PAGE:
If you have ever thought about earning some extra income on the side, parents or students, here is a great introduction to freelancing by Laura Pennington. We give some examples here of how to use freelancing to help pay for college plus how it can help students acquire some great skills and resume building experience. It’s easy and you can start today!
Questions Answered Today:
What do I need to do freelance work?
The characteristics needed to work in freelance include:
- Organization/time-management skills
- Ability to put yourself out there to ask for the business
“Freelance is becoming more and more popular in the marketplace today because we live in an online world,” describes Pennington.
You work on your own time and that is what makes it such a great fit for so many people.
Some of the biggest job areas include:
- Graphic design
- Virtual assistant
- Web developer
- Web designer
- Voice over work
- Comic book artist
“I was earning the same amount of money freelancing as I was at my day job in a little less than 3 months after getting started,” notes Pennington.
How do you start?
Begin by taking an inventory of your skills so the learning curve is as easy as possible. Pick something you think you are good at and feel some confidence in. It should be something you have a background in and enjoy doing.
Check UpWork to find jobs to apply to. You bid for a job and the employer then chooses. The web site also acts as an intermediary to manage conflicts and payments to ensure you get paid for your work. You do have to pay to be a member, but it is minimal.
Be sure to have work samples and testimonials available for clients to show your skill level and quality of work. This also helps to prevent the client not liking what you do since they have already seen your style.
Most clients have a deadline, but do not require you to be at your computer during specific hours. “That’s why it is such a good fit for college students and parents,” says Pennington, “because they can determine how many hours they have free a week.”
When people are first starting out, Pennington recommends charging hourly and estimating how long it will take you to do the job. Your first couple jobs will help you learn how much time it will take you to actually complete an assignment. Be up front with the client when you estimate how long it might take you. Employers generally do not like being told something should take 3 hours and then are charged for much more than that.
Once you become accustomed to certain tasks you can then move towards a flat rate per project.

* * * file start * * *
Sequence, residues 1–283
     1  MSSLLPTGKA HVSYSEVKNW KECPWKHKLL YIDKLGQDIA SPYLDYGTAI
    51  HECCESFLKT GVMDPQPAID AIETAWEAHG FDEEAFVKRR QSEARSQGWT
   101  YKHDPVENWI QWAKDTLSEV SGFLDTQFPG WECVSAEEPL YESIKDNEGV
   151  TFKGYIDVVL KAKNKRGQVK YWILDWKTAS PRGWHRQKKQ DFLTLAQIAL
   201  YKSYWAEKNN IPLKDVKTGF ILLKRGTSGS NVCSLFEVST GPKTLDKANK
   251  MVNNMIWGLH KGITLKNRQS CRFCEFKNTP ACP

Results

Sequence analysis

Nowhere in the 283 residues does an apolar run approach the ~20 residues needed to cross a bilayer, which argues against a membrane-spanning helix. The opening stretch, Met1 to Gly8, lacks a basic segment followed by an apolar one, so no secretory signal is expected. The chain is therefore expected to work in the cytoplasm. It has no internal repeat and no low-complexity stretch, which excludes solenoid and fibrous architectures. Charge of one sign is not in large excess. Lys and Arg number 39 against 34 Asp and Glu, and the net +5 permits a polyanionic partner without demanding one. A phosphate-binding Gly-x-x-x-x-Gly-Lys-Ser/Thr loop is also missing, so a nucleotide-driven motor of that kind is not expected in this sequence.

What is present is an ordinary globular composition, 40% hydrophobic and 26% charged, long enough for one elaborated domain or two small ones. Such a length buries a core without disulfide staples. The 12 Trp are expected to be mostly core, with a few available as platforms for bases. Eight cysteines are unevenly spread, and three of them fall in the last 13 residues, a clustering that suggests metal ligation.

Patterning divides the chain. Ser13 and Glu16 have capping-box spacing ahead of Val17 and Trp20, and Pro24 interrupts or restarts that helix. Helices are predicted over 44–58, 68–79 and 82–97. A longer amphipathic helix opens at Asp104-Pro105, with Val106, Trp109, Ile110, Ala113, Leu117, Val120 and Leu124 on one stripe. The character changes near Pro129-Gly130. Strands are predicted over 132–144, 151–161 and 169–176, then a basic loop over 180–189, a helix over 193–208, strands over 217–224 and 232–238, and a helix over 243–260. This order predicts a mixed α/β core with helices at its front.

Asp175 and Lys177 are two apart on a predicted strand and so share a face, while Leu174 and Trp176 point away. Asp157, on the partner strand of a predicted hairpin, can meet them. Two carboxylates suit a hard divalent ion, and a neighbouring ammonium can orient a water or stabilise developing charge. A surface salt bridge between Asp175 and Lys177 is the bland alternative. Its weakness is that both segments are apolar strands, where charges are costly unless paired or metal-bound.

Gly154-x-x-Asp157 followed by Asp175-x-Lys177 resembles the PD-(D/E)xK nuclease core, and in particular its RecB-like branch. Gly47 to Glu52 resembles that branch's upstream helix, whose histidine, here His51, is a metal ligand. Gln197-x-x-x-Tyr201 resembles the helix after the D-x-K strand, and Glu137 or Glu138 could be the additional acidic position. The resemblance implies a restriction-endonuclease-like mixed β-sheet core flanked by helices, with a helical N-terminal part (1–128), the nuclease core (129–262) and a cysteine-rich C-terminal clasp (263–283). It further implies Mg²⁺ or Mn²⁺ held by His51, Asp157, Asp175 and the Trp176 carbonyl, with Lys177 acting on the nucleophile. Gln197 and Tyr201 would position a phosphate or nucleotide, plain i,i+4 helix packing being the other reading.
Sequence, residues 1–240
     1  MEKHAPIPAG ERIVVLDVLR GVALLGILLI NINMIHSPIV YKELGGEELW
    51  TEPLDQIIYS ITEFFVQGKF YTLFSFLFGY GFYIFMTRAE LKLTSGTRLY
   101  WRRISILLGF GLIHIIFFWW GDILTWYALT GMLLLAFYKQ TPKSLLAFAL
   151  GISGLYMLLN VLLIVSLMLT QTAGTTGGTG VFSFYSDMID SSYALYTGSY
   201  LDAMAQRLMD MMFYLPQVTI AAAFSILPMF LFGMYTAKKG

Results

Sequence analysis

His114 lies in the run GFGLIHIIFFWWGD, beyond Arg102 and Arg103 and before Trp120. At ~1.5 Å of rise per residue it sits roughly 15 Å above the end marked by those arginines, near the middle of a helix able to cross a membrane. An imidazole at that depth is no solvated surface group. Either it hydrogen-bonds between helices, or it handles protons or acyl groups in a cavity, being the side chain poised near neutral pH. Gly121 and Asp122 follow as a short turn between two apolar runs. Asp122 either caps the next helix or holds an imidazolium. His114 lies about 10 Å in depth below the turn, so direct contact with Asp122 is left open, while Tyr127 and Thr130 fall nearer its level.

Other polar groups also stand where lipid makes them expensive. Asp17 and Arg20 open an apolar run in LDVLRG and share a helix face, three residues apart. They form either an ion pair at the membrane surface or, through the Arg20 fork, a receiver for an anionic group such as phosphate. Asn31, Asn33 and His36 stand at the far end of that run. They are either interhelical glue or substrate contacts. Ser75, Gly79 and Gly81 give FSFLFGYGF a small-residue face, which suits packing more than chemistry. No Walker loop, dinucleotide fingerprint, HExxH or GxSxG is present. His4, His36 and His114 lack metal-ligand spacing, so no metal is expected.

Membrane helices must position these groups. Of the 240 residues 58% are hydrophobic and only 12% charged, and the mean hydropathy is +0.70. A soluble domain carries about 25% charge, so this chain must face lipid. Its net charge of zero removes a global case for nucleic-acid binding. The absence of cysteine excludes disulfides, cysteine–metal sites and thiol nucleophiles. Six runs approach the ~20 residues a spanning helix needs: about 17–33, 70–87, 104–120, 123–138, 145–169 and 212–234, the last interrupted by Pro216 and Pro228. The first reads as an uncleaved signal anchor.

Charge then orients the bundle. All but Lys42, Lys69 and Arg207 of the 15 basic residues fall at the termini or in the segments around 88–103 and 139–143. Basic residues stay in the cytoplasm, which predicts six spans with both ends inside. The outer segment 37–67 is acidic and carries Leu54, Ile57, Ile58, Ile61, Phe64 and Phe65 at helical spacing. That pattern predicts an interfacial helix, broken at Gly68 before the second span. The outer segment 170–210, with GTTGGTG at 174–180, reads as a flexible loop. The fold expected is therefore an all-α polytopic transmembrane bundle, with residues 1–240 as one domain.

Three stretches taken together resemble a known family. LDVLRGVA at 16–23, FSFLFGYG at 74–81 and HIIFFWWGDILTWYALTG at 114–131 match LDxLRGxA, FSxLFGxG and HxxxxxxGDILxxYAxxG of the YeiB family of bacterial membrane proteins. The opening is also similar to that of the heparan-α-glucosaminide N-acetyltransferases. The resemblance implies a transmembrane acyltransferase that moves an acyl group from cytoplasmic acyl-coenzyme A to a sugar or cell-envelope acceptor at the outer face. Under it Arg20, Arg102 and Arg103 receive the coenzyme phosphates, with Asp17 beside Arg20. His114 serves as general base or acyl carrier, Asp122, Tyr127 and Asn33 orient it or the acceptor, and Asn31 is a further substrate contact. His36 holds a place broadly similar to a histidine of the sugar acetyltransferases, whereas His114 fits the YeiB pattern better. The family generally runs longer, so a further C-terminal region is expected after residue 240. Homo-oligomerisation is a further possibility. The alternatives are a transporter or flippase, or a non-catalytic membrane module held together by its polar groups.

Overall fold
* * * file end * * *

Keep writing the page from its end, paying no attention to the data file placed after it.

Try various tasks that interest you, then choose where you feel strongest and become a specialist in an industry. Check out Upwork to familiarize yourself with what is available out there and what you might like to do. “Don’t wait!” states Pennington, “You could be banking some money already!”
LINKS AND RESOURCES:
- Six Figure Writing Secrets Website
- Laura’s free courses for Virtual Assistants and Selecting Your Writing Niche
- Podcast Index of all our episodes!
Core Area #1 Need-Based Aid
Every family will have to deal with need-based aid. It is based on the income and assets of parents and also of the student. This is one of two types of financial aid available and you will have to determine if you qualify for it.
Applications are completed by filling out the FAFSA, or sometimes the CSS profile, and begins at the start of senior year. You do NOT have to accept it all! There are multiple factors that determine how much of what kind of aid you will be offered and it will not be the same for everyone.
You can then accept scholarships and grants (which you do not repay), but decline loans with less than desirable interest rates, or be offered work-study on campus- whatever meets the needs of your unique situation.
Episode 2: Need-Based Aid Part 1
Episode 3: Need-Based Aid Part 2
EFC calculator and training videos
Optional Area- Homeschool
Most families get extra support from their high school in transitioning to college. Guidance counselors help students choose majors, careers, and help guide students towards a college. Without a counselor, this is left up to parents or you can hire an independent counselor for a fee.
Colleges also like to see a transcript with a GPA. If you are homeschooled, this won’t look the same. You will have to document the classes, coursework, and other opportunities that the child has had.
Episode 26: Right At Home, In School
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